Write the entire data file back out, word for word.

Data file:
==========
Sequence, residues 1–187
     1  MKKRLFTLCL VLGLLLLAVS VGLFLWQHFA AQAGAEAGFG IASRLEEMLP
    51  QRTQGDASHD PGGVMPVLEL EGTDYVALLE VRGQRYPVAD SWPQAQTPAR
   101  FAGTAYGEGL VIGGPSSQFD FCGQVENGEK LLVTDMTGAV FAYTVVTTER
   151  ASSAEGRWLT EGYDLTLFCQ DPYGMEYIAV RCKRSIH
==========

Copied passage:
Sequence, residues 1–187
     1  MKKRLFTLCL VLGLLLLAVS VGLFLWQHFA AQAGAEAGFG IASRLEEMLP
    51  QRTQGDASHD PGGVMPVLEL EGTDYVALLE VRGQRYPVAD SWPQAQTPAR
   101  FAGTAYGEGL VIGGPSSQFD FCGQVENGEK LLVTDMTGAV FAYTVVTTER
   151  ASSAEGRWLT EGYDLTLFCQ DPYGMEYIAV RCKRSIH